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Old 10-24-21, 11:18 AM
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Originally Posted by mgringle View Post
Thanks for posting this - I'm looking to do the exact same thing with a set of Duo pedals I already have. Question - Any comments about the conversion not mentioned above? Does the power readings seem accurate/consistent? Is there any binding on the pedal? Anything else?
I would be surprised if the Duo-Shi pedals are compatible with this conversion, because the SPD-SL pedal body is different to the Look cleat Assioma pedal body, and so too the axle shape and bearing arrangement. I don’t know that for a fact, so just approach the project with failure a possible outcome. It doesn’t damage the pedals at all, so I don’t see any problem returning the CXRs provided you reassemble them properly.

To your questions, I’d refer you to Shane Miller’s (GPLama) videos on YouTube, where he walks through both the complete conversion and performance data analysis. As I noted earlier, he uses M-Force 8 pedals, but based on the experiences I’ve read on forums of others using CXR, there is no difference other than the cleat retention mech design and minor pedal body differences.

I’ve not really ridden the conversion yet due to surgery recovery, so I can’t say much of the conversion beyond what I’ve already posted. However, if by binding you mean between shoe and pedal, then yes, as noted by others, the inside lugs of MTB shoes tend to contact the Favero’s “brain bulge,” but a little slicing with a razor blade is a quick remedy.

Here you can see how I effected the remedy:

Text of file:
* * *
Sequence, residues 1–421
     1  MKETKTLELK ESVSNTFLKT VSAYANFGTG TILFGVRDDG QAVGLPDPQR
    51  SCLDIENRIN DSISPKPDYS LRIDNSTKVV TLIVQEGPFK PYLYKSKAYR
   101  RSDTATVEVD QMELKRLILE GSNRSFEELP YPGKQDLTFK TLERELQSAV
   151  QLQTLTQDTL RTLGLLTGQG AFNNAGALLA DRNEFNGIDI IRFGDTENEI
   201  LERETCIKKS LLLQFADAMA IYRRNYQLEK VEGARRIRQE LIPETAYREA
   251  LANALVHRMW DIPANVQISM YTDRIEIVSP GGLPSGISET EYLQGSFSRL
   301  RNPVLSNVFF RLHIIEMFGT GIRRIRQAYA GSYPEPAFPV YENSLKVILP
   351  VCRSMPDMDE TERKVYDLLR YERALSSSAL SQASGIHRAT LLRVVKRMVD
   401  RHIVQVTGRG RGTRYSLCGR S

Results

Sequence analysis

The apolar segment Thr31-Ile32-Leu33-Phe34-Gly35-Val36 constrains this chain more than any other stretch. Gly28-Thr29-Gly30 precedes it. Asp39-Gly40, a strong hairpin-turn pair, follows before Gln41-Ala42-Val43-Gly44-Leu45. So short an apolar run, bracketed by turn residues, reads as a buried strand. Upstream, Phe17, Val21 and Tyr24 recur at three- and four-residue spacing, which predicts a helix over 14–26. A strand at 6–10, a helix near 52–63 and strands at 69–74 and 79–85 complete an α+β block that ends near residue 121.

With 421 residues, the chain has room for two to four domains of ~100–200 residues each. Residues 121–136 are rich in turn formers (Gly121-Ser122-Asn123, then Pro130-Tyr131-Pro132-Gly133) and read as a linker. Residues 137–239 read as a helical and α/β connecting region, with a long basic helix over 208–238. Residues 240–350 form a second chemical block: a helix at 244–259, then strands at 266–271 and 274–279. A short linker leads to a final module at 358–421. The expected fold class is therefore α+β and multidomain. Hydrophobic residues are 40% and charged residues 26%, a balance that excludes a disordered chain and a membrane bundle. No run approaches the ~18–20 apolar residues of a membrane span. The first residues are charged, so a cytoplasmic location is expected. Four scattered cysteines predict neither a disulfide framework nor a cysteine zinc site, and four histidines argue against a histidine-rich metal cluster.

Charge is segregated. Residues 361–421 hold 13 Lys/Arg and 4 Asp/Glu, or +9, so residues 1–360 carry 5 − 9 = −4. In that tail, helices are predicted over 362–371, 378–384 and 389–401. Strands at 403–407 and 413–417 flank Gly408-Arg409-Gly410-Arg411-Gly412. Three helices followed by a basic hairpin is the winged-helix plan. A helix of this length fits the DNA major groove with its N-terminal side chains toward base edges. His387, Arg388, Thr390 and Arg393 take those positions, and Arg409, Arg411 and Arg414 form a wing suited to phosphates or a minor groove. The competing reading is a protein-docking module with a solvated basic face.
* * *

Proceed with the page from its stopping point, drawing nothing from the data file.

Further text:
Shaved down inside lug on Mavic Crossmax Elite to fit Favero Assioma SPD conversion
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Old 11-09-21, 09:05 AM
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Following up on the results of my decision to run the bearing shield and use Loctite on the retaining nut, after a few rides now, it seems to be working fine. The pedals have not come loose.

Whether the bearing shield offers any meaningful protection is another matter, as there is no waterproofing gasket included. I’m hoping it provides some protection to the bearings and axle against corrosion and excessive wear, but who knows. I didn’t like the idea of the axle end and nut spinning against the dust cap, but also did not want the pedal body play, so this seems a good compromise.
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Old 11-22-21, 04:23 PM
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Would this conversion be reversible? I'm planning on doing a touring trip this summer and I don't think I want to be in road shoes to do it but I would like the power meter for the trip. I would want to convert mine back to road use after. I don't see why not, but since you've done it what do you think I'll run up against?
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Old 11-24-21, 01:58 PM
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Originally Posted by zacster View Post
Would this conversion be reversible? I'm planning on doing a touring trip this summer and I don't think I want to be in road shoes to do it but I would like the power meter for the trip. I would want to convert mine back to road use after. I don't see why not, but since you've done it what do you think I'll run up against?
Nothing. Itís totally reversible and redo-able. Iím planning to do it seasonally, as I have insulated, SPD shoes for winter, preferring the walking stability in slippery conditions.

The job takes like 7 minutes to swap bodies, thatís it. Thereís no destruction or modification of anything.